Off the coast of Sussex something amazing is happening. Two years ago the pioneering Sussex Nearshore Trawling Byelaw came into place, pushing bottom-towed trawling 4km off the West Sussex Coast. Trawling is a fishing practice that drags heavy fishing gear across the seabed. Due to the impacts of the 1987 storm and a proliferation in trawling afterwards, a 170km2 kelp forest has been decimated in our waters. Older Sussex-based readers may remember seaweed stacked up on our beaches after storms (see image below of Worthing Beach in the 1960s). Younger readers will not because 96% of our kelp forest has been lost. A rich, diverse, wonderful ecosystem was destroyed just meters from our busy coastal towns.
If fully restored a kelp forest off the Sussex Coast could capture the carbon emissions equivalent to 66 million miles driven in a family diesel or the carbon emissions of 7,235 homes.
The term ‘out of sight, out of mind’ has been used to describe this loss – but since the implementation of the landmark byelaw a huge wave of attention has been given to our coastline and seas, reflected in its crucial place in Weald to Waves’ landscape scale initiative. Sir David Attenborough spearheaded the original ‘Help Our Kelp’ campaign which led to 1,500 people writing in support of the new byelaw – since then a group called Sussex Underwater formed – created by local divers – sharing the wonders of Sussex marine life through social media.
The Sussex Kelp Recovery Project is focused on the journey of the kelp recovery, ensuring that alongside the anecdotal information from divers, fishers and the citizen science contributions from local communities, we also have the formal academic monitoring and benchmarking of the changes happening on our seabed.
Two years in there is no active intervention to reseed the kelp – much like at Knepp – this is a nature-led approach. What will the marine ecosystems naturally do once the main pressure is removed? The changes are now starting to happen. A huge expansion in mussel-beds (where previously there was only a barren seabed) and many reports of increased diversity and abundance of species – most notably lobsters.
Local diver Eric Smith, part of the Sussex Underwater team, notes, “Vast mussel beds are binding the seabed back together with large plaice feeding on them. The kelp is holding its own and many other things are coming back, like soft and hard corals and anemones. The inshore rockpools are teeming with life such as hermit crabs that have been almost non-existent in the last ten years, with blennies and many more creatures for the kids to find and wonder over. As for the fish life, I filmed the first electric ray I had seen for 40 years, and trigger fish have turned up in several spots. Also, large sting rays are back in numbers from Selsey to Worthing.”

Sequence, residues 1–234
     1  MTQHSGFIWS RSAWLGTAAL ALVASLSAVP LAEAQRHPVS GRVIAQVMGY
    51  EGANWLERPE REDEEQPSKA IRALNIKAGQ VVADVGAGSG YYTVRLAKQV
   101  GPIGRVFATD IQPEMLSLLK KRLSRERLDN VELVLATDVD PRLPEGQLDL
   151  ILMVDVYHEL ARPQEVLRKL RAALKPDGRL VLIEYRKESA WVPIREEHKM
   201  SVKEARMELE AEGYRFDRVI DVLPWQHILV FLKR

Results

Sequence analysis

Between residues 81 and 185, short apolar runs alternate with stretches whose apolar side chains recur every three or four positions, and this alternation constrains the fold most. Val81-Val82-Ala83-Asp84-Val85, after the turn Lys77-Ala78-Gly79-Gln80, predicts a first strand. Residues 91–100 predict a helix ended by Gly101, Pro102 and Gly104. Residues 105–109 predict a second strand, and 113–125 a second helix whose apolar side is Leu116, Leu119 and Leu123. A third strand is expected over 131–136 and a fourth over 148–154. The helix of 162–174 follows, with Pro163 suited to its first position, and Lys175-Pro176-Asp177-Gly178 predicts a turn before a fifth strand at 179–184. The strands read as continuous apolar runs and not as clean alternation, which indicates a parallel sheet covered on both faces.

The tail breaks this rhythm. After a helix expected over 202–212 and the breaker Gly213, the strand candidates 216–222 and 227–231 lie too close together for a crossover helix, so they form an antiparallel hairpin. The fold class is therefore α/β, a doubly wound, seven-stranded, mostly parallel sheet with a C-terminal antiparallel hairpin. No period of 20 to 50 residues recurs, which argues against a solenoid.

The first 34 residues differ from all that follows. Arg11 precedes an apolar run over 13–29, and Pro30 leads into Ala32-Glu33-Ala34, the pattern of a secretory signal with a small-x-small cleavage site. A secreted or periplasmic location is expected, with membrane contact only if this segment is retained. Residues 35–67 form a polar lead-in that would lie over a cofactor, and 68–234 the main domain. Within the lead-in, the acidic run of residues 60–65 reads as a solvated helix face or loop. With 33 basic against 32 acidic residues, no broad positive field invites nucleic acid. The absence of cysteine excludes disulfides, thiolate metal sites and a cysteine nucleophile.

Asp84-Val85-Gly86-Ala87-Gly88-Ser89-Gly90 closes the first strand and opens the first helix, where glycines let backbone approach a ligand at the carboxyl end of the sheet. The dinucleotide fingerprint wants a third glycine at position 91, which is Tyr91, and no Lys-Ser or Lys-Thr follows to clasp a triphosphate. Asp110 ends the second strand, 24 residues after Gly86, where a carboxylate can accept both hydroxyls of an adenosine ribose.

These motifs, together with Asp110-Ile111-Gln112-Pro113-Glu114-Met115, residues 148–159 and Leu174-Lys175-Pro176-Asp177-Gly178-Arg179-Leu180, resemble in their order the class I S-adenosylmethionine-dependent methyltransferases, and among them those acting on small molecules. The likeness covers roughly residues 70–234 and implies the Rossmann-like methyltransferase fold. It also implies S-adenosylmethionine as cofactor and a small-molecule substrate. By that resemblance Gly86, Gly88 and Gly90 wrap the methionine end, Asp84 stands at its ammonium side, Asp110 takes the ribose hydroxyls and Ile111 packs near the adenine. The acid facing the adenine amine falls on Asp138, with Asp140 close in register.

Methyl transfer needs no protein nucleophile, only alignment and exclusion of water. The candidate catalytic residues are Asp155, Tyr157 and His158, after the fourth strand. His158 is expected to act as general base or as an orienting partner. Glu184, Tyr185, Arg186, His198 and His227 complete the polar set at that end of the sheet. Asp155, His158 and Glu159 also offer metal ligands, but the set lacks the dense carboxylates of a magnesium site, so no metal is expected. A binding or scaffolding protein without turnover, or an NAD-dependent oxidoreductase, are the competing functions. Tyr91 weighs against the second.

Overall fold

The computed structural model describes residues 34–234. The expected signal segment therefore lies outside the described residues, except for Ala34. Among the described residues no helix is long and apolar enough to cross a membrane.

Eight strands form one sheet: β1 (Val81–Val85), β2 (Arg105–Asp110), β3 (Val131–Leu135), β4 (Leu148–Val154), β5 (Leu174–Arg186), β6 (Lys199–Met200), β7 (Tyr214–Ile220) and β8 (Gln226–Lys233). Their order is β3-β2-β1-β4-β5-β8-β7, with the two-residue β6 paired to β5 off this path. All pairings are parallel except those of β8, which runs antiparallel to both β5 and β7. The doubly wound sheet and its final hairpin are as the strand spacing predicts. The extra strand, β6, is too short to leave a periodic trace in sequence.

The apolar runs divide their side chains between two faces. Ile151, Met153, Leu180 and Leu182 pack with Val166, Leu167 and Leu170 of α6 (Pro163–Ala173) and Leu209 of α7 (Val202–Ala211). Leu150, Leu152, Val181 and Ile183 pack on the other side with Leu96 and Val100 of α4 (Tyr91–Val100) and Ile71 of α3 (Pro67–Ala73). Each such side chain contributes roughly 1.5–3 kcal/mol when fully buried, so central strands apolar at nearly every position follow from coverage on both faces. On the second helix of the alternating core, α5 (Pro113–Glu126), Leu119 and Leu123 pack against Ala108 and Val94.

The divers’ reports are accompanied by Sussex Inshore Fisheries and Conservation Authority monitoring work, which involves undertaking annual transects with a towed underwater camera, as well as an array of ecological and socio-economic monitoring from academic institutions and NGOs.
Marine recovery elsewhere on the south coast has had spectacular results (Lyme Bay) and this journey is beginning in Sussex. We know that there are other factors that could be impacting the return of kelp, like sediments, nutrient levels or temperature, and we are not just aiming to understand these impacts – but also to work collectively to reduce threats where we can. Weald to Waves, encapsulating at least 3 Sussex river catchments will no doubt lead to improvements in the quality of water coming into our seas.
If you see kelp on a Sussex beach or at sea, please send us the information through our citizen science app and grow our understanding of our Sussex coastal waters.
George Short, Living Seas Officer, Sussex Wildlife Trust
Read more about the work of the Sussex Kelp Recovery Project and the impact reports here.
Watch the Sussex Kelp Recovery Project’s 6 month science update video (15mins) to learn more about the project
Learn to identify and report sightings of kelp when you are out and about on the beach this summer.